Chevrolet


The History of Chevrolet

   

Chevrolet is a brand of car produced by General Motors Company (GM). Founded by Louis Chevrolet and ousted GM founder William C. Durant on November 8, 1911, Chevrolet was acquired by General Motors in 1917. Chevrolet was positioned by Alfred Sloan to sell a lineup of mainstream vehicles to directly compete against Henry Ford's Model T in the 1920s, and continues to hold its position as General Motors' highest-selling brand to the present day, with "Chevrolet" or "Chevy" being at times synonymous with GM. In North America, Chevrolet offers a full range of automobiles, from subcompact cars to medium-duty commercial trucks.
Chevrolet first used its "Bowtie emblem" logo in 1913. It is said to have been designed from wallpaper Durant once saw in a French hotel. More recent research by historian Ken Kaufmann presents a compelling case that the logo is based upon a logo for "Coalettes". Others claim that the design was a stylized Swiss cross, in honor of the homeland of Chevrolet's parents.
In control, Durant was in the process of setting up Chevrolet production facilities in Toronto, Canada. Later that year, during a lunch meeting in New York with "Colonel Sam" McLaughlin, whose McLaughlin Motor Car Company manufactured McLaughlin-Buick cars, it was agreed that Chevrolets with McLaughlin-designed bodies would be added to the Canadian company's product line. Three years later, the two Canadian operations (Chevrolet was by then a part of GM in the United States) were bought by GM to become General Motors of Canada Ltd.
By 1916, Chevrolet was profitable enough to allow Durant to buy a majority of shares in GM. After the deal was completed in 1917, Durant was president of General Motors, and Chevrolet was merged into GM, becoming a separate division.
Chevrolet had a great influence on the American car market during the 1950s and 1960s. In 1957, Chevy made the first fuel injected engine. In 1963, one out of every ten cars sold in the United States was a Chevrolet.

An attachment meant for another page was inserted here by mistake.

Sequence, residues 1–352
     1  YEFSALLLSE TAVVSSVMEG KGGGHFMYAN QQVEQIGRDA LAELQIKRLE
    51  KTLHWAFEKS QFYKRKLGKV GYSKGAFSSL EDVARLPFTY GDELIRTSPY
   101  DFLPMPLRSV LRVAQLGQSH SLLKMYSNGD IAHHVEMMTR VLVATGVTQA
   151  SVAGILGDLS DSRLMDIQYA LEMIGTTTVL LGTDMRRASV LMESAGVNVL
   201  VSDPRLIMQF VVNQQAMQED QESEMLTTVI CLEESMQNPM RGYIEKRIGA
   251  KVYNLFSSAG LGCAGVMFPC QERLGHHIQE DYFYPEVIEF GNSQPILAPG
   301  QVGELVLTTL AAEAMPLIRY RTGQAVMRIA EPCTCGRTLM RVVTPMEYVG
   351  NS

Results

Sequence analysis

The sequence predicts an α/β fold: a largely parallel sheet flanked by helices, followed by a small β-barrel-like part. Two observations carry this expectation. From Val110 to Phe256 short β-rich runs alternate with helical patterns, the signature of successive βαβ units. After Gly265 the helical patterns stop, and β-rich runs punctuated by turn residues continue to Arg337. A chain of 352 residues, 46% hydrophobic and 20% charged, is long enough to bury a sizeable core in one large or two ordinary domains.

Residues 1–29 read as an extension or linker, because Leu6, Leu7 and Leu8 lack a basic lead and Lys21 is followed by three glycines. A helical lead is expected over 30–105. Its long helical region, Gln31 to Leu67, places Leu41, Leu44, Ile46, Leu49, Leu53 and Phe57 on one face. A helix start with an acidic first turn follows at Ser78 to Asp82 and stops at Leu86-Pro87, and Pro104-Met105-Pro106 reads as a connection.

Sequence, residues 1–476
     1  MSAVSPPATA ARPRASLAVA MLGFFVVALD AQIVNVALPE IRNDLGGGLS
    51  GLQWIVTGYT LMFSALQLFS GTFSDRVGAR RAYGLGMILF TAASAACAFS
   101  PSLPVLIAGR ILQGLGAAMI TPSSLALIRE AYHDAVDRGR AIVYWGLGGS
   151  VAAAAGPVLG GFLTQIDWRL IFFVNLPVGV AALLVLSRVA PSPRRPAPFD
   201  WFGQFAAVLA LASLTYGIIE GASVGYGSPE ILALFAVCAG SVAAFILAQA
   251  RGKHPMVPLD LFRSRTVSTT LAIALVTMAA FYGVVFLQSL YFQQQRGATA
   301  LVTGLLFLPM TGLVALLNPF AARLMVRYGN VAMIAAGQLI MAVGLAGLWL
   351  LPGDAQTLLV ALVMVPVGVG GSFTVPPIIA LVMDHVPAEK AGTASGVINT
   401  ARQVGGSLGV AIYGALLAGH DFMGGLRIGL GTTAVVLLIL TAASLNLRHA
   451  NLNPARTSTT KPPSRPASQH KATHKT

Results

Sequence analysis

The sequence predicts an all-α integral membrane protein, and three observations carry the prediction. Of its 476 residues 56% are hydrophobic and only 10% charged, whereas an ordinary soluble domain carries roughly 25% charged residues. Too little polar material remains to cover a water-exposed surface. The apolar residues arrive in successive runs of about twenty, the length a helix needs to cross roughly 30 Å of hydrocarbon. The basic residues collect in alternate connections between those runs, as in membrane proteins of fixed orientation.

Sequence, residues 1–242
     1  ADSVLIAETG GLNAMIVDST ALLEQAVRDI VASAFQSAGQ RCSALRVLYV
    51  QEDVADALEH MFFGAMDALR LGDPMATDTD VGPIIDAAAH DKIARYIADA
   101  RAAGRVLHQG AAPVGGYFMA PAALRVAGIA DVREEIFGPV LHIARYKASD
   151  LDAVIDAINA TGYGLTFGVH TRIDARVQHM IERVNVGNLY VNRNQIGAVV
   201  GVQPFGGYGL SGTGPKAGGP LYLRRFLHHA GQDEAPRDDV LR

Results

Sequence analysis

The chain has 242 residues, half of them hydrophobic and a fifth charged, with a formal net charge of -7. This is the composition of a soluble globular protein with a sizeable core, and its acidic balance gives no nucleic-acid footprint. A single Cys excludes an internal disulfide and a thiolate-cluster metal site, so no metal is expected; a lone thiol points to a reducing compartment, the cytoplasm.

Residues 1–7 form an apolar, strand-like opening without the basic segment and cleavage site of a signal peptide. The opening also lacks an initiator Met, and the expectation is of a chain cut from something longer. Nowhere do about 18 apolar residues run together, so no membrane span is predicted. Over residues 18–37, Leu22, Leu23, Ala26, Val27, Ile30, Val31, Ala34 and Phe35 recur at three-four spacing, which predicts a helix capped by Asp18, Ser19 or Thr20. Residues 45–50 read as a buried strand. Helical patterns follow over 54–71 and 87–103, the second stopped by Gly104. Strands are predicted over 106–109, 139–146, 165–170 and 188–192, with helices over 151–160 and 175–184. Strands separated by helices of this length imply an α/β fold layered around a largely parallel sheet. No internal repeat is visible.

The basic Chevrolet small-block V-8 design has remained in continuous production since its debut in 1955, longer than any other mass-produced engine in the world, although current versions share few if any parts interchangeable with the original. Descendants of the basic small-block OHV V-8 design platform in production today have been much modified with advances such as aluminium block and heads, electronic engine management and sequential port fuel injection, to name but a few. Descendants of the small-block V-8 in the form of the LT V-8s, and had influence in the design of the LS V-8s, both of which are still installed in Chevrolet vehicles. The original small-block design is simplistic compared to the overhead-cam V-8 that Ford Motor Company used and continues to use in its line of larger cars and light trucks. Depending on the vehicle type, Chevrolet V-8s are built in displacements from 4.3 to 8.1 litres with outputs ranging from 110 horsepower (82 kW) to 638 horsepower (476 kW) as installed at the factory. The engine design has also been used over the years in GM products built and sold under the Pontiac, Oldsmobile, Buick, Opel (Germany),Hummer and Holden (Australia) nameplates

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